DENVER – Issuers need to tread carefully as the new issue price regulations take effect next month, experts said, even though the new rule is in some ways an improvement over the old.

Lawyers, issuer officials, and municipal advisors made those points during a Monday panel discussion at the Government Finance Officers Association conference. Central to the discussion was the idea that issuers need to understand and be prepared for the June 7 effectiveness of the new Treasury and Internal Revenue Service rule that was finalized late last year, and consider avoiding coming to market right then if possible.

Treasury had been trying to change the issue price rule since at least 2013, when it proposed changes that were eventually withdrawn after public comment. Issue price is important because it determines the arbitrage yield restriction for rebate compliance purposes as well as the maximum allowable escrow yield for advance refunding bonds. Under rules that had been in place for years, the issue price of each publicly offered maturity of bonds was generally the first price at which 10% of the bonds was reasonably expected to be sold to the public. Under the new rule, the issue price will be the price at which the first 10% of a maturity of bonds is actually sold to the public. If 10% of a maturity is not sold, a special rule can be used under which the issue price is the initial offering price (IOP) as long as the underwriters hold the IOP for five business days after the sale date.

The five-day "hold-the-offering-price" requirement was designed to prevent pricing abuses such as flipping, in which a dealer sells the bonds almost instantaneously to another dealer or institutional investor with the prices continually rising before the bonds are eventually sold to retail investors. The rules contain an exemption for competitive sales under which an issuer may treat the reasonably expected IOP of the bonds to be the issue price if the issuer obtains a certification from the winning underwriter bidder as to the reasonably expected IOP upon which it based its bid. But to use that exemption requires that the issuer receive at least three bids from separate underwriters and award the bonds to the bidder who offers the highest price or lowest interest cost.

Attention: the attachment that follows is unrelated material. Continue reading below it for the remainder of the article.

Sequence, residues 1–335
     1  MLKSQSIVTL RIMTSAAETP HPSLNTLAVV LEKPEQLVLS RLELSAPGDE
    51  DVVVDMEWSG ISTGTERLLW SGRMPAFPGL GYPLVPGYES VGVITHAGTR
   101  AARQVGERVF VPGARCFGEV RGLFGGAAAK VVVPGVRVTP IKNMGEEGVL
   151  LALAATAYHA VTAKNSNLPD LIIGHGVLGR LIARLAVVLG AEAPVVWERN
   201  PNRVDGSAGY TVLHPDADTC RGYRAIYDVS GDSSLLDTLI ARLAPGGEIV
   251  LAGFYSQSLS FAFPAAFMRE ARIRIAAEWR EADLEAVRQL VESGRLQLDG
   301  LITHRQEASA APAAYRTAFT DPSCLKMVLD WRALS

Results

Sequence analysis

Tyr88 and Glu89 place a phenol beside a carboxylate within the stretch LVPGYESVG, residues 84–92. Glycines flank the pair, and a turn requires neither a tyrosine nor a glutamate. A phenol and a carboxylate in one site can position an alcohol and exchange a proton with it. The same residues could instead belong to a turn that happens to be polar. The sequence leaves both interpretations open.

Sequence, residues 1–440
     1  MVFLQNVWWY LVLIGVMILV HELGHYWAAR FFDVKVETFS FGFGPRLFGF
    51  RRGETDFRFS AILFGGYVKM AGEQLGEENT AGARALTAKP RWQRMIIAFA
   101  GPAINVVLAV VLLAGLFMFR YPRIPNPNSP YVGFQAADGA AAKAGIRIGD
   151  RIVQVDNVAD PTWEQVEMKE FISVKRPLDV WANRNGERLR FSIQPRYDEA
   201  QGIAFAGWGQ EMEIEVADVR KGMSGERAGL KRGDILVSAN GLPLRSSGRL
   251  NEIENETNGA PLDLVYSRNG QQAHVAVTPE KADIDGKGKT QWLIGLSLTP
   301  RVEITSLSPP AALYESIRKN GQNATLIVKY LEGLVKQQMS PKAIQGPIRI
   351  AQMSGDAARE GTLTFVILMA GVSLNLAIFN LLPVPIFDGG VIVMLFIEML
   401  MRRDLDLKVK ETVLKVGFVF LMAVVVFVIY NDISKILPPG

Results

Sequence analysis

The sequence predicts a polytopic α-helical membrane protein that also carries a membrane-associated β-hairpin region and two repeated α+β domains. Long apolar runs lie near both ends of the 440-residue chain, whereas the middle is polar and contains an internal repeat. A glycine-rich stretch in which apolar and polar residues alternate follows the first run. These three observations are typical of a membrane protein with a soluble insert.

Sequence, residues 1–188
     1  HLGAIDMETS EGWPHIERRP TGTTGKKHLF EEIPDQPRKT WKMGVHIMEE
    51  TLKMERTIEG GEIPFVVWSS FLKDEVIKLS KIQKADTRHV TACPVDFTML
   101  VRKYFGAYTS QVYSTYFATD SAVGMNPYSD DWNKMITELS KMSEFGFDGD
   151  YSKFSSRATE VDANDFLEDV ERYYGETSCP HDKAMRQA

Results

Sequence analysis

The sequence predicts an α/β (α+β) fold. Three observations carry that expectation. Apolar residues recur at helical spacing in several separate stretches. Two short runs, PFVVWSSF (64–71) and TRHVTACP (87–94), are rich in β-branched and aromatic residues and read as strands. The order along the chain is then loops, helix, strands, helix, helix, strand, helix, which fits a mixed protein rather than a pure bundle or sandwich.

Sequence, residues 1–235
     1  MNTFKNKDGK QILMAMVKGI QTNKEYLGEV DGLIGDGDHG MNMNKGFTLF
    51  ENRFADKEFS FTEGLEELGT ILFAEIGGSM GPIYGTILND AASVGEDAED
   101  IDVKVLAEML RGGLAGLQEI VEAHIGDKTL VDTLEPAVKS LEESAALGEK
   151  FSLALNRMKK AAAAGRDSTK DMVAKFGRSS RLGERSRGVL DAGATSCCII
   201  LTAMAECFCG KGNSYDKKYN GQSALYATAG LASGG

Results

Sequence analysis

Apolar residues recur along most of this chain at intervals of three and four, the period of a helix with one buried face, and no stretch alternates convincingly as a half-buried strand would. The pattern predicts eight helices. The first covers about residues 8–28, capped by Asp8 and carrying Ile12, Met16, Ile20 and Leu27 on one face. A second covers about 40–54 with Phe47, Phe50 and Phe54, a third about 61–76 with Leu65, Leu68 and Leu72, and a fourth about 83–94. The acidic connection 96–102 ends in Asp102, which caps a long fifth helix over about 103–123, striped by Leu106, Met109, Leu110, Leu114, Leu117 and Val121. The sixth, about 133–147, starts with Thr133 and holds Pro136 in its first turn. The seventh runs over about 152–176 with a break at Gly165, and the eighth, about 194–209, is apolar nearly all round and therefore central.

Washington State deputy treasurer Ellen Evans, a member of GFOA’s debt committee, told attendees that the new issue price rule could impact their cost of funds if underwriters are forced to hold the price for five days. She told finance officials to have a plan in place and stated in their bond documents what will happen if at least 10% of a maturity doesn’t sell on pricing day.

“It’s just something that has to be anticipated,” she said. “You have to know from the get-go what you are going to do.”

Evans said issuers planning to price June 7 should avoid the uncertainty of diving in on transition day and consider moving the sale up or delaying it.
“Steer clear of June 7,” she said.

Darren McHugh, a shareholder in the Denver office of the law firm Stradling Yocca Carlson & Rauth who had a key role in drafting model documents on issue price for the National Association of Bond Lawyers, said that Treasury had a difficult job in crafting the new rule but improved it in some notable ways. One major improvement, he pointed out, was that the new rule removes ambiguity about which purchases of bonds count toward the 10% threshold. Under the existing regime, the sales have to be to the “public” and defined that term fairly nebulously and in a way that excluded broker-dealers. Under the new rule, broker-dealers not underwriting the deal qualify toward the 10% mark.

Attorney Darren McHugh pointed out improvements in the issue price regime
Attorney Darren McHugh pointed out improvements in the issue price regime

“It’s a better rule,” McHugh said of that aspect.

Steven Apfelbacher, president at municipal advisory firm Ehlers, stressed that the new rule will not change the proceeds paid to issuers, so it won’t create uncertainty regarding construction fund deposits, issue size, costs, or other related matters. The rule has the potential to hurt smaller competitive deals that might not qualify for the three bid safe harbor, he said. Apfelbacher said that a deal might fail to garner three bids for a variety of reasons, such as being too small to attract intetrest, a low credit rating, a short call provision, and more. A large number of transactions that don’t get three bids are bank-qualified deals, he said. Apfelbacher said there is no market consensus on precisely how the new issue price regulations will impact the market.

“Clearly this is new and this is going to require seeing how it plays out,” he said.

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Kyle Glazier

Kyle Glazier

Kyle Glazier is the Deputy Washington Bureau Chief of The Bond Buyer. He covers securities law, regulation, and enforcement.